Energy and Watershed Development
Any other measures for enhancing environmental quality in mining
Welfare of Women and Children

Welfare of aged and disabled people

Skill development


Intended beneficiaries of the Scheme
Cutting out all ambiguities, the PMKKKY clearly lays out the definition of:
1.      Directly affected areas: Where, inter-alia, direct mining-related operations such as excavation, mining, blasting, beneficiation and waste disposal etc. are located.
2.      Indirectly affected areas: Where local population is adversely affected on account of economic, social and environmental consequences due to mining-related operations. These could be deterioration of water, soil and air quality, reduction in stream flows and depletion of ground water etc.
3.      Affected people/ communities: Families identified as ‘Affected family’ and ‘Displaced family’ as per the Right to Fair Compensation and Transparency in Land Acquisition, Rehabilitation and Resettlement Act, 2013, and other families identified in consultation with Gram Sabha.
In line with these definitions, it mandates the DMF to maintain a list of people and places under these categories, who will be considered as the actual beneficiaries of the PMKKKY scheme. 

Special provisions for scheduled areas:
The process of utilization of PMKKKY funds shall be guided by the provisions contained in Article 244 read with Schedule V and Schedule VI to the Constitution relating to administration of the Scheduled Areas and Tribal Areas and the Provisions of the Panchayats (Extension to the Scheduled Areas) Act, 1996 and the Scheduled Tribes and Other Traditional Forest Dwellers (Recognition of Forest Rights) Act, 2006. The Gram Sabha of affected villages to have major say in approval of plans and inspection of reports.

Other features of the scheme:
·         The corpus of PMKKKY should, preferably, be dovetailed with the ongoing and existing welfare plans mooted by Centre/ State
·         An amount not exceeding 5% of the annual receipts of the Foundation subject to an upper limit fixed by state government may be utilised for administrative, supervisory and overhead costs of the Foundation
·         Staff/ manpower for implementing the PMKKKY scheme to be taken on contractual basis; no scope for permanent employment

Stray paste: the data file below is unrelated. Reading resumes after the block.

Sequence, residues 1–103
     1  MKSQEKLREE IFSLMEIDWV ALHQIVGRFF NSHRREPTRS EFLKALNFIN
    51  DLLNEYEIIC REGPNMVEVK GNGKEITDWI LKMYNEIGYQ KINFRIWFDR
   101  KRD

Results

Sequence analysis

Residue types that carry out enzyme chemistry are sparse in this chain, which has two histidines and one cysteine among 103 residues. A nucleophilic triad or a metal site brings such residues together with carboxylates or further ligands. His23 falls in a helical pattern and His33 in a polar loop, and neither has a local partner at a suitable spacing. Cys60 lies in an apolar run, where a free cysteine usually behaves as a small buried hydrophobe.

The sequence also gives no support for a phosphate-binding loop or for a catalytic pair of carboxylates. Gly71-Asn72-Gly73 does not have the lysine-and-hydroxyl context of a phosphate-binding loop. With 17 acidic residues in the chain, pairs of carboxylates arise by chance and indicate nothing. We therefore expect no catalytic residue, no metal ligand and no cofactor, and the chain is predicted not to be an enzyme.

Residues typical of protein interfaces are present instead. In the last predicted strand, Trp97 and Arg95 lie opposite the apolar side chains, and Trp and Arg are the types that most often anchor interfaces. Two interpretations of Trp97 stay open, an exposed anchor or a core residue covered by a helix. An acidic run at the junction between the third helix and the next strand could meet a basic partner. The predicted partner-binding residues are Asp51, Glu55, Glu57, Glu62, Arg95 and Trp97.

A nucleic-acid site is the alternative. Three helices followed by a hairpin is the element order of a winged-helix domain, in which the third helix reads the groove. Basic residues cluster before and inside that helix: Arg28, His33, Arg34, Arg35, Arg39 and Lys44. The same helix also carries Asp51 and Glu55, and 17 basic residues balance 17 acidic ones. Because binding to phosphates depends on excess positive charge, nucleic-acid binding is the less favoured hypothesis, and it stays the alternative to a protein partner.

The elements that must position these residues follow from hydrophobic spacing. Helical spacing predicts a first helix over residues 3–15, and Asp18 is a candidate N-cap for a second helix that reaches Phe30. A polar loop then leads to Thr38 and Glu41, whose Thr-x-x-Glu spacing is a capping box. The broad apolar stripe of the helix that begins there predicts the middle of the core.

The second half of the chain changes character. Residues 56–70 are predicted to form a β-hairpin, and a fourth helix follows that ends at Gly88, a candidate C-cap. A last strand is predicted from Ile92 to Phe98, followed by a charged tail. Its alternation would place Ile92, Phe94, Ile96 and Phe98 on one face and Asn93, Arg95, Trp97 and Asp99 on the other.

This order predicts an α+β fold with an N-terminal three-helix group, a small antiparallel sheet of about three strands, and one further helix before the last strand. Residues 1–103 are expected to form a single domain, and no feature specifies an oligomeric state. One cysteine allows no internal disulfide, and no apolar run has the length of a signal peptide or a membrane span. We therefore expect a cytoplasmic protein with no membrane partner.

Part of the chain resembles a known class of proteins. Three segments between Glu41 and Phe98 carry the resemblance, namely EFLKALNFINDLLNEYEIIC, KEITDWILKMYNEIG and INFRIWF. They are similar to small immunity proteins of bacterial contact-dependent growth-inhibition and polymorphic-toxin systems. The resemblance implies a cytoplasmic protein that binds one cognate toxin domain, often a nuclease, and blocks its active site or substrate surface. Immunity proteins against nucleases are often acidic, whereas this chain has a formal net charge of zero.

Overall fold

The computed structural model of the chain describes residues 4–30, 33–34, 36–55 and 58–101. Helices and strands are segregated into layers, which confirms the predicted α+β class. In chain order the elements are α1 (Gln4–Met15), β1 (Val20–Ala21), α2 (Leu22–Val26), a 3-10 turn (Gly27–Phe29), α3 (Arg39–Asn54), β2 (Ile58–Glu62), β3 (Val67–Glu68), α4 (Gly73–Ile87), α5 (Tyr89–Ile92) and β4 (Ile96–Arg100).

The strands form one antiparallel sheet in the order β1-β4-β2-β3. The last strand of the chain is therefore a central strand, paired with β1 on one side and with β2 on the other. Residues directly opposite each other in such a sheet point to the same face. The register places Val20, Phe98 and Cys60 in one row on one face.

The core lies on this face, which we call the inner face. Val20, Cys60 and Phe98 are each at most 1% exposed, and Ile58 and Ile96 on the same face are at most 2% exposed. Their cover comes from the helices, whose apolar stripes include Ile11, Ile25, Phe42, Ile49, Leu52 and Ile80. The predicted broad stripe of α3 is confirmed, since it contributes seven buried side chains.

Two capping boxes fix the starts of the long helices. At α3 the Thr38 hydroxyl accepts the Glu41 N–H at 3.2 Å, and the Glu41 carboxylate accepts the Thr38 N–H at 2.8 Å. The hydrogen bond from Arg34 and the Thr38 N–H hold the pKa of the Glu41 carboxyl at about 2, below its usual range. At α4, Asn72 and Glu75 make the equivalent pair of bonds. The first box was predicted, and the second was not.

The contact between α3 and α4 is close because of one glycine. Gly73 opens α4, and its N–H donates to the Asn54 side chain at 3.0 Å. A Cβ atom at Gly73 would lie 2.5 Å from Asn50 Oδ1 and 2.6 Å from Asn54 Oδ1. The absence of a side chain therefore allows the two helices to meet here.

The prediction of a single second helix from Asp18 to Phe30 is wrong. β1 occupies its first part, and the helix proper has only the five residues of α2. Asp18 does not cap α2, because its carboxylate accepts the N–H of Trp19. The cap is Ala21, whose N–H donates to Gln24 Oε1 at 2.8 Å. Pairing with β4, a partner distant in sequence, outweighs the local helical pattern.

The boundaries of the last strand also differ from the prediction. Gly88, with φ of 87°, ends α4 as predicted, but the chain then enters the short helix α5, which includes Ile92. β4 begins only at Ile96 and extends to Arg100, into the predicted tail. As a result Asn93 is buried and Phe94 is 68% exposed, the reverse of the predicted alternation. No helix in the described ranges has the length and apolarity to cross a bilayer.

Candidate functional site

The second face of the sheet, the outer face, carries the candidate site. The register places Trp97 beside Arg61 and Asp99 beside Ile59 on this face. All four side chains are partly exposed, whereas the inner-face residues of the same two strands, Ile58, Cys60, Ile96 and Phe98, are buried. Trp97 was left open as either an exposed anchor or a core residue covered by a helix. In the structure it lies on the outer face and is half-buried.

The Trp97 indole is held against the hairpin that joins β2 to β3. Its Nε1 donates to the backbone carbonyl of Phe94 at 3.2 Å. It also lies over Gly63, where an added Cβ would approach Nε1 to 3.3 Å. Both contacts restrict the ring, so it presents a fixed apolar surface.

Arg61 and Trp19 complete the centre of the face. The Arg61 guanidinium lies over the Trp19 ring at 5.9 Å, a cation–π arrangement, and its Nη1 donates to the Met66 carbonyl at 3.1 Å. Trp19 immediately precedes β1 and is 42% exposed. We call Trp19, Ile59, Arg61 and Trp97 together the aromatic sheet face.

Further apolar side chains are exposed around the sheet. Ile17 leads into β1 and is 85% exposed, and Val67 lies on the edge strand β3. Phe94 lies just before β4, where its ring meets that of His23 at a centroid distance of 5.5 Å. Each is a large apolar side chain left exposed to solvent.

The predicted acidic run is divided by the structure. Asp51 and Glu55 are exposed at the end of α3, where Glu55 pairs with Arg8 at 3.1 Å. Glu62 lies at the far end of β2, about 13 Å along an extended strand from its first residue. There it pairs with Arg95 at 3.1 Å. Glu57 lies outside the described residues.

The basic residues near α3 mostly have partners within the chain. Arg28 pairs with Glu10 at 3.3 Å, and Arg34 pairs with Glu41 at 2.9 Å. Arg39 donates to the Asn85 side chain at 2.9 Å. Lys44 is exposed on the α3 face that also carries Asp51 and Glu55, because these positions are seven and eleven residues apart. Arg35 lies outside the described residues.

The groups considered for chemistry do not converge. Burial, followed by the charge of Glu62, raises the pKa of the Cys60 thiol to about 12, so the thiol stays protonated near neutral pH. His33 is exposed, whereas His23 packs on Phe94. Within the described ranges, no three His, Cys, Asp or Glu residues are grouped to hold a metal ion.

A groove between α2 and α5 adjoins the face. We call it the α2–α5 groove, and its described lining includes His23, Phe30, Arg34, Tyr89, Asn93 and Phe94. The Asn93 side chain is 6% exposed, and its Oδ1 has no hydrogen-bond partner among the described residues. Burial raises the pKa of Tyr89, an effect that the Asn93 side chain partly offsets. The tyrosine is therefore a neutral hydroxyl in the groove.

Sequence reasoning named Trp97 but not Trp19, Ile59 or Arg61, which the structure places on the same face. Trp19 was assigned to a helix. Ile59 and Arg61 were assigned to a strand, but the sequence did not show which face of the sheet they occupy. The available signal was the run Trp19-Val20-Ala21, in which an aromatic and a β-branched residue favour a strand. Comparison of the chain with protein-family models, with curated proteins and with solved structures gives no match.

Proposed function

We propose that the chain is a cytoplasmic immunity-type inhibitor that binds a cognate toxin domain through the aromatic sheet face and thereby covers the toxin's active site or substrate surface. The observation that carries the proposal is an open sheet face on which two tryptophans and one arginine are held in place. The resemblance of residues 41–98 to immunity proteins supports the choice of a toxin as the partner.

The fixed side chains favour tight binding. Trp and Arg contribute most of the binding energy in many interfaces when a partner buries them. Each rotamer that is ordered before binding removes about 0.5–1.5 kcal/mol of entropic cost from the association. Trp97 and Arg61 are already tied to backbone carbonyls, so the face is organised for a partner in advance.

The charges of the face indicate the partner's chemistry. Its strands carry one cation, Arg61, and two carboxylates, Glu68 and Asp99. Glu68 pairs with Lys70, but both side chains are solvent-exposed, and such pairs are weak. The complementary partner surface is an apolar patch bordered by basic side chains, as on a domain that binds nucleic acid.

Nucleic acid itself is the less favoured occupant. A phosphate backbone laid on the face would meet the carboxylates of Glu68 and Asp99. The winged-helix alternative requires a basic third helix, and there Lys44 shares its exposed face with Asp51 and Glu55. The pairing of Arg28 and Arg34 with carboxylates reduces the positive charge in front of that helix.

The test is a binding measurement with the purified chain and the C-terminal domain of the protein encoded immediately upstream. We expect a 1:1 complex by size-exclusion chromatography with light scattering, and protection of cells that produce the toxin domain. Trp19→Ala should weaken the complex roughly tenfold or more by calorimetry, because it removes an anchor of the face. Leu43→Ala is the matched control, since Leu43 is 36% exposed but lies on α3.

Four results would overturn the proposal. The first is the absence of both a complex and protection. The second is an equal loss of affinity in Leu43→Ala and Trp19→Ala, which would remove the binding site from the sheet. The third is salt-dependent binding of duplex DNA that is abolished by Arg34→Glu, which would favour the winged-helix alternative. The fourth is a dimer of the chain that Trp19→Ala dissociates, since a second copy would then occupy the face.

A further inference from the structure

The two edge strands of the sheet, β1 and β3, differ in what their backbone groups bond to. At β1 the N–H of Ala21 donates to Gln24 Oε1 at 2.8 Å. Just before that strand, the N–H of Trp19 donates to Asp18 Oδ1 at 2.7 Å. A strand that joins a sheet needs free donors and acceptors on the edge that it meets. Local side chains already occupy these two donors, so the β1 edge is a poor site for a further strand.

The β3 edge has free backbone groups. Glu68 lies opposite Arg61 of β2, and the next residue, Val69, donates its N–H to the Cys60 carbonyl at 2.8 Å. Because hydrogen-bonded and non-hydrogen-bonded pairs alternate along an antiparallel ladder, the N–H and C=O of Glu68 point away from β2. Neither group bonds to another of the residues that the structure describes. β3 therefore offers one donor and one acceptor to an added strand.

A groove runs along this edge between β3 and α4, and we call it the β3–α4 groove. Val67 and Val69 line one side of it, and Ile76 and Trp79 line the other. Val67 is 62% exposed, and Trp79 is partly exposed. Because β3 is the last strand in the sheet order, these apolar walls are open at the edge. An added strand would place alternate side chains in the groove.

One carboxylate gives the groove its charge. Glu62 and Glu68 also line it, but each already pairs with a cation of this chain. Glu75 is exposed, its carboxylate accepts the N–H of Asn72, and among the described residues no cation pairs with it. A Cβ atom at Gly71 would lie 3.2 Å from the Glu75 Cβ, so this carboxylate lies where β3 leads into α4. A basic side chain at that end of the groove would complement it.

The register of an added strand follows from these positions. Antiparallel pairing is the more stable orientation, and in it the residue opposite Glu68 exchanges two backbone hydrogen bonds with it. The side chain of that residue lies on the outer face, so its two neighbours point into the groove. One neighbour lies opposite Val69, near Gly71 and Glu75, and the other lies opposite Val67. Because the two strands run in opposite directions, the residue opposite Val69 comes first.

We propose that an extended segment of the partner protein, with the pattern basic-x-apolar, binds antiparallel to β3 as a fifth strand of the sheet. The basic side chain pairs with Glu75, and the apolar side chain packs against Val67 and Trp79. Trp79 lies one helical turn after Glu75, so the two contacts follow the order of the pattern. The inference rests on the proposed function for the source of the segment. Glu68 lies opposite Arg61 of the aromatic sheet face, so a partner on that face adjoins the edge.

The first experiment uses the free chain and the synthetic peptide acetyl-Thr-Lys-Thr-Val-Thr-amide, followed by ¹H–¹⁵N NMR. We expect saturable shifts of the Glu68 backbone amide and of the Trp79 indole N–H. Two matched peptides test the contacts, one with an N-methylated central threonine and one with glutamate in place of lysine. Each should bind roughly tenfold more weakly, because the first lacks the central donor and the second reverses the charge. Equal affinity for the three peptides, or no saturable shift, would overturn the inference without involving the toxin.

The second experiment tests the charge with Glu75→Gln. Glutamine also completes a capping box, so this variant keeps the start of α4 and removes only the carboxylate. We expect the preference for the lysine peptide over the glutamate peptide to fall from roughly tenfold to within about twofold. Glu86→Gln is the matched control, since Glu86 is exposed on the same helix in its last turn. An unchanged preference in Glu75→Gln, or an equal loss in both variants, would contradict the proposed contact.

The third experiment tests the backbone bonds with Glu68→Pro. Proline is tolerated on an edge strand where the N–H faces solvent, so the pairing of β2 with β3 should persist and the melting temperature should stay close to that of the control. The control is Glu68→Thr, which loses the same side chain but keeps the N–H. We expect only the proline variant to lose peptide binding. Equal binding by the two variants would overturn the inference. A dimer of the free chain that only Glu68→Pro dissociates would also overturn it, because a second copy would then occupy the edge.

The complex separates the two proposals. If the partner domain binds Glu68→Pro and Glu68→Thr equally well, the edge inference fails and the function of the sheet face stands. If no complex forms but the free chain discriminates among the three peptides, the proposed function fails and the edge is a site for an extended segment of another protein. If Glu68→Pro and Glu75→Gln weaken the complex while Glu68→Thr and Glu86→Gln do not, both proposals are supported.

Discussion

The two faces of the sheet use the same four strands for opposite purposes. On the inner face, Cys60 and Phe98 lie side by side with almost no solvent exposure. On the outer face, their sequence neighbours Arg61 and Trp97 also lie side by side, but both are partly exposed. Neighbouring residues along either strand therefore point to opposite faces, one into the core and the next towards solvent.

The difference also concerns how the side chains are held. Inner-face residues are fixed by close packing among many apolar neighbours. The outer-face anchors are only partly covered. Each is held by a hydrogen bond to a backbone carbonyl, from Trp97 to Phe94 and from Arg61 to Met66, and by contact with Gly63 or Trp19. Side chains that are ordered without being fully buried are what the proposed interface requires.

·         For mining affected areas which fall under two districts, or a welfare plan that involves peoples/ places outside the district of operation, clear rules have been laid out in the guidelines
·         All work/ contracts to be awarded in accordance with rules issued by State Governments
·         Transfer of funds to agencies/ beneficiaries directly to bank account
·         Each DMF to maintain a website, and make public all data concerning details of self, beneficiaries, funds collected, minutes of meetings, action taken reports,  annual plans, status of ongoing projects etc.
·         The accounts of DMF to be audited every year, and included in its Annual Report
·         DMFs to prepare Annual Reports within three months of the end of Financial Year, should be laid before State Legislative Assembly and find place on its website

District-wise collection of Royalty in 2014-15
The district wise collection of mining royalty for 2014-15 for ten mineral rich states is given below. This gives planners and people a fair idea of the DMF collection they can expect in their district. And this is only the beginning, since auctions of new mines under the revamped law is yet to begin.

Miles covered, and miles to go
As promised by the Prime Minister in his Independence Day speech, the PMKKKY has been devised as the dedicated fund for development of mining related areas. The other provisions of MMDR Amendment Act 2015 provide a facilitating and enabling environment for scientific, responsible, sustainable and transparent mining to flourish.
Together, we strive to create a nation which rides on its strengths, and has people at its heart.
(with inputs from Ministry of Mines)